• September 9, 2020
  • By Donna Fluss, president, DMG Consulting

IVAs: The First Responders for Customer Service

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SEEMINGLY overnight, the world as we knew it was upended due to the coronavirus pandemic. Many companies have gone virtual, sending their employees home to work remotely. Unfortunately, many other companies have closed their doors, furloughing employees in the hope of hiring them back when the pandemic allows countries to restart their economies. In the world of customer service, nothing has been more effective than COVID-19 at driving home the need for comprehensive disaster recovery/business continuity plans, scalable and reliable cloud services, and robust, full-featured self-service solutions.

When many retail branches and non-essential stores and businesses closed, providing service virtually became the primary means for customers to obtain the help they needed from organizations, public and private. While some organizations have seen their inquiry volume nearly double and customer wait times for calls increase from seconds to hours, other businesses have experienced major declines in service transactions.

For both scenarios, employing digital intelligent virtual assistants (IVAs) on the front lines to assist customers has proved highly beneficial. When inquiry volumes, particularly phone calls, have grown so fast that there is no possible way for a company to keep up with the demand and provide the desired level of live agent support, IVAs have stepped in and handled many types of interactions very effectively. In enterprises where business has slowed so much that companies have furloughed employees to keep from going bankrupt, IVAs can provide support 24/7, despite drastic cuts in live agent support.


In the past five years, self-service has become the preferred method of support for people of all generations, as long as the experience is good. However, in times of trouble, when emotions and stress levels are running high and issues are time-sensitive, people prefer speaking to live agents. In many companies, this has deepened the service challenge. Companies with flexible IVA solutions that allow them to make timely system changes are positioned to be more responsive to the needs of their customers than organizations that are using outdated interactive voice response systems (IVRs) that require IT to reprogram them. Artificial intelligence-enabled IVAs use machine learning to identify the queries that they are not prepared to handle; some IVAs automatically propose answers to these questions, and others capture and deliver a list of opportunities to their users. Either way, companies can quickly identify necessary enhancements so that they are positioned to meet the changing needs of their customers, which is important at all times, but even more so during times of rapid change, as with the coronavirus pandemic.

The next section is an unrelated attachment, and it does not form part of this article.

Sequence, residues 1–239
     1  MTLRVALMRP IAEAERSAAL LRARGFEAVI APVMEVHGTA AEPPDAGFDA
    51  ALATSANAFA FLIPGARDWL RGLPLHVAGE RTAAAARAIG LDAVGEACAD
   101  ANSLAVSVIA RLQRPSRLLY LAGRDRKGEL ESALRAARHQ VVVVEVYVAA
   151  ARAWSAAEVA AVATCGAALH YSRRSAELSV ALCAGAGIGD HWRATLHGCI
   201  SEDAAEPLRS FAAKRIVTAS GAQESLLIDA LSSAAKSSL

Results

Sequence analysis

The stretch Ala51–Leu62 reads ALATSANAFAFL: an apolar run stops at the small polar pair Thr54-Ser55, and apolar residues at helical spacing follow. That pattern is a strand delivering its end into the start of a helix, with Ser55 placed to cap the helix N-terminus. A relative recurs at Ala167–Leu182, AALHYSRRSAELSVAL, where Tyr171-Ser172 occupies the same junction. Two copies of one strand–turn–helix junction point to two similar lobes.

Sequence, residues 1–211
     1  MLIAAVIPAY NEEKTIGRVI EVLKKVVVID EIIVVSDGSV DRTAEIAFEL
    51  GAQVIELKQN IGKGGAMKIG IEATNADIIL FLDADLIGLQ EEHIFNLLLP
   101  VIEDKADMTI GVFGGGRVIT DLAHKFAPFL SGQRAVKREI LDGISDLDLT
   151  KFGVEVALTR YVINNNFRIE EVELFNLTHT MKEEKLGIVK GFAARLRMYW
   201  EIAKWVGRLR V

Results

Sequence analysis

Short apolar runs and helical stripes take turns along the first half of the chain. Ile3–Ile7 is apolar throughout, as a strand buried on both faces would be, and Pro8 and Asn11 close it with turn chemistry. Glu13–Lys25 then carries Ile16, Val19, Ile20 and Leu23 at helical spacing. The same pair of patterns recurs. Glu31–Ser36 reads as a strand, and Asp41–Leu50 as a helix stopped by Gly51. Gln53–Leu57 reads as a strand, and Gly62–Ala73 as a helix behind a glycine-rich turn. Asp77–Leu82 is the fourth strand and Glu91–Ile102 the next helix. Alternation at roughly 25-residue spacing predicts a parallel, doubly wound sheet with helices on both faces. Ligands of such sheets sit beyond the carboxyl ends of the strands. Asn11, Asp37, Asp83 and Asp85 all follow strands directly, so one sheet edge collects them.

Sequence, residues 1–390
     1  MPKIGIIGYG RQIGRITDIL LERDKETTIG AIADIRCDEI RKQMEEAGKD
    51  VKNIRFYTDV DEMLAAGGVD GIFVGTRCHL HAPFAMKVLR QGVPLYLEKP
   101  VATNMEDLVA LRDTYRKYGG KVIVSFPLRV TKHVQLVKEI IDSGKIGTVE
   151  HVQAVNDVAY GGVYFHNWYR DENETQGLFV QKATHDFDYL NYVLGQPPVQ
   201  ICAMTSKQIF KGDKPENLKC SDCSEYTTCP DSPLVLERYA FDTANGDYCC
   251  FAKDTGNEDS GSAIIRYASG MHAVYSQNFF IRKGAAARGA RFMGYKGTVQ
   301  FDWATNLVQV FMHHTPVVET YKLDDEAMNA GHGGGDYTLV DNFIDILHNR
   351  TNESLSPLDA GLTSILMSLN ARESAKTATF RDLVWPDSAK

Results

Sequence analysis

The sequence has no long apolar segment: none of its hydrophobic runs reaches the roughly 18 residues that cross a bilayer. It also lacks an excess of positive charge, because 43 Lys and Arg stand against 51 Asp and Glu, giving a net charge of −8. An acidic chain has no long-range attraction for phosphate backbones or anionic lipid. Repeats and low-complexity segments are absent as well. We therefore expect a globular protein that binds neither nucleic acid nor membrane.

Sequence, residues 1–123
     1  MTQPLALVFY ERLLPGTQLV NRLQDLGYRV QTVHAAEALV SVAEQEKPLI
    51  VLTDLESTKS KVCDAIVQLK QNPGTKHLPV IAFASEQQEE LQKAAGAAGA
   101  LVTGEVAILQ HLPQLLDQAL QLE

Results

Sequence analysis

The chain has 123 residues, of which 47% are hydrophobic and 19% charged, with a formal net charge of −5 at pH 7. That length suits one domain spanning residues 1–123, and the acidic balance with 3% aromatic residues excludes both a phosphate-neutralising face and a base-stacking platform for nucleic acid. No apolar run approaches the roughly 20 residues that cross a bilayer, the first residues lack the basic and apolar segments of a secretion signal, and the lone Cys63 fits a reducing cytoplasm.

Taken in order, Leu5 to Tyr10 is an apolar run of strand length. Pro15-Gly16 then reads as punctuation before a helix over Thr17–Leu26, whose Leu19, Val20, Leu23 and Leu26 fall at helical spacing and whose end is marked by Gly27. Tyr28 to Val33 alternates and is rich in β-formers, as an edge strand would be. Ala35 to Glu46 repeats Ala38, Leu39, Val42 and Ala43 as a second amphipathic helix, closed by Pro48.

IVAs are also being used for outbound communications to proactively disseminate essential information and address customer needs, further reducing the need for live agents. In still other cases, IVAs are being employed to automatically call back customers so that they don’t need to wait on the phone for hours. Creative enterprises are asking a lot from their digital assistants, and the more flexible IVAs are responding with a swiftness unheard of with IVRs. While many of the functions performed by IVAs were available from sophisticated natural language IVRs, the speed to market of the newer IVAs is a game changer for companies.


No one knows what the world and each country’s economy will look like once the pandemic passes, but most agree that there will be a new normal. DMG expects this to include growing adoption of IVA solutions, now that many companies have seen them perform well in the toughest of circumstances and in tight time frames. IVAs have features that business users find very attractive. To begin with, most of them come with highly intuitive integrated development environments and no-code/low-code programming requirements that do not require IT resources. This means that users can build and test their IVAs quickly without waiting for IT, eliminating one of the clearest drawbacks to IVR solutions. The newest and most flexible of the AI-enabled IVAs are starting to live up to the promise of providing concierge-level service so that customers can either speak or write their inquires using natural language. Even when an IVA needs to escalate an inquiry to a live agent, it can pass it on with context and then stay on the line to provide the agent with guidance at the same time as it is able to listen and learn how to address the situation by itself in the future.